OK, OK. My catty sniping is all very well, but ultimately, what's a girl to read? Luckily there are a number of alternatives to these mind-numbing infomercials: independently published magazines written by and for teenage girls. These magazines are not only more feminist than their glossy counterparts, they're far smarter, more racially diverse, and yes, more real.
Rochester, N.Y.-based Blue Jean, an ad-free bimonthly, offers, to use its own words, an "alternative to the fashion and beauty magazines targeting young women." Ani "I-refuse-to-sell-out-to-the-McMusic-industry" diFranco graces the cover of the January/February "Women We Love" issue with gritty style--not your father's Esquire's "Women We Love"; in addition to Ani, Blue Jean loves Third Wave activist Rebecca Walker, soccer star Mia Hamm, tennis pro Venus Williams (and "the sassy swing of her beaded hair"), author Veronica Chambers, teen novelist Jean Crowell and Hard Candy nail polish entrepreneur Dineh Mohajer, and features interviews with both Missy "Misdemeanor" Elliott and Rosa Parks. To subscribe to this gently funkified Ms. for girls, send $29 (for the next six issues) to 7353 Pittsford-Victor Road, Suite 201-203, Victor, NY, 14564-9790 (or call 1-888-4blujean and pay by credit card).
Teen Voices, a national quarterly run out of Boston that roughly estimates its readership at 45,000, focuses on urban girls--taking on issues from teen pregnancy and body mutilation to "Snowboarding on the Cheap!" Articles ask: Was the court decision in the Boston Latin affirmative action case fair? Are cartoons sexist? Do animals have rights? How do you get over shyness? Should you get a tattoo? Teen Voices has a fine mix of politics, personal stuff, book and record reviews, fiction and poetry. To subscribe send $20 (special group rates are also available) to Teen Voices, P.O. Box 120-027, Boston, MA, 02112-0027; check out the Web site at http://www. teenvoices.com.
Hues, a feisty, multi-cultural quarterly, has a high-quality, attractive, innovative layout--on shiny paper (none of this hard-to-read, self-marginalizing newsprint). Its current issue features "Get On the Bus!" an account of Philadelphia's little-covered Million Woman March; "Making it Big," a profile of a successful and gorgeous 190-pound model who's outspoken in her criticism of the fashion industry; advice on looking for a good job "before you give up and accept a lifetime position at Minimum-Wages-R-Us;" an undercover look at phone sex; and a cultural dialogue between two young Indian women about arranged marriage. They've also run pieces on "Ghetto Feminism" and a "Swimsuit Issue" featuring women of all colors, shapes and sizes. Hues was recently acquired by New Moon publishing, the creator of the younger girls' magazine New Moon; it will go bimonthly next year. To get the next six issues, send $19.99 to HUES P.O. Box 3587, Duluth, MN, 55803-3587.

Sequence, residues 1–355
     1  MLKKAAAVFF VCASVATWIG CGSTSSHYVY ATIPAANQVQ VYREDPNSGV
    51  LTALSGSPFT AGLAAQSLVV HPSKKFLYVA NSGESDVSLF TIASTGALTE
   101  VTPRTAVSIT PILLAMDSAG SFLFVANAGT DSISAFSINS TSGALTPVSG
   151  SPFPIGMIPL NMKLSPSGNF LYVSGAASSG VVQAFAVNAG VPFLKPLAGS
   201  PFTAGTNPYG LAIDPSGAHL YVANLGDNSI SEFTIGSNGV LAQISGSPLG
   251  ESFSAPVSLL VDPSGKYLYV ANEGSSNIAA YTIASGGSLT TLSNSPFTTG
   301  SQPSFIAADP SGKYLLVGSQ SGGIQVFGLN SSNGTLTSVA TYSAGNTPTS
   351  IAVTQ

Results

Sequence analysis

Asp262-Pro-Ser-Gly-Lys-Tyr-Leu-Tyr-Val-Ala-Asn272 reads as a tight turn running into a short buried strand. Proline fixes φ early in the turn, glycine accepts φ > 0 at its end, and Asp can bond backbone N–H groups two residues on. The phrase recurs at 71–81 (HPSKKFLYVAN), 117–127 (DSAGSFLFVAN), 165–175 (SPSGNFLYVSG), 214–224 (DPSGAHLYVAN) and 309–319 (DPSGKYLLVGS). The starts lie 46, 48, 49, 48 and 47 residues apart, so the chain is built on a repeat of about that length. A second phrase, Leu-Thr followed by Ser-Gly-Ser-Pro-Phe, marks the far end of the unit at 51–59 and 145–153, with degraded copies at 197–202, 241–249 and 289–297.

Reluctant Hero is a Canadian quarterly with some serious feminist analysis--"Birds do it, Bees do it, Boys sure do. Why is it so taboo for girls to have a libido?"--asking why boys on TV shows don't listen to girls' desires (they pursue girls who aren't interested, harass them endlessly, and end up winning them over in the end). Reluctant Hero also explores cliques, sexual harassment and peer mediation, and asks that timeless question that you will probably never see in a commercial teen magazine--"Why Are Girls So Mean?" Other features cheer girls' creativity and ambitions: "Be a Mega Zine Queen," "Does Science have a Gender?" and "Getting a Record Deal." For more information e-mail email@example.com or call (416) 656-8047. To subscribe send $19.26 to Reluctant Hero, 189 Lonsmount Drive, Toronto, Ont., M5P 2476.
These magazines are so good that re-reading them actually made me dislike Jump, Teen People and Twist even more. Though these commercial ventures are, considering the territory, a step in the right direction, girls themselves can do so much better. It's too soon to say for sure how many readers the mainstream newcomers have attracted, but Teen People is reportedly selling like the Titanic. The independents don't attract Gap ads, and, at least in Blue Jean's case, wouldn't even if they could; they need support. Subscribe, request them at your bookstore or library, make a contribution, show them to your favorite teenager--or millionaire investor. Let's hope the talent behind this girls' alternative press gets the encouragement it deserves to keep on keeping it real.